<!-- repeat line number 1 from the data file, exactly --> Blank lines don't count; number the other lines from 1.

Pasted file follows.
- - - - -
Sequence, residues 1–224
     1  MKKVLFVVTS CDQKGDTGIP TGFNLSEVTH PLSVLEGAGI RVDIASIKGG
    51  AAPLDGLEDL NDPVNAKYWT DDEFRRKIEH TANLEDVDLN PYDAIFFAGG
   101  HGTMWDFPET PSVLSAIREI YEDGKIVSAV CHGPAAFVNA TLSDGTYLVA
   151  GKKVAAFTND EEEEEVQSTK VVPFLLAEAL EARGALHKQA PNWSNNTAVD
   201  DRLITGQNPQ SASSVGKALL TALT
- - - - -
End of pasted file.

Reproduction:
Sequence, residues 1–224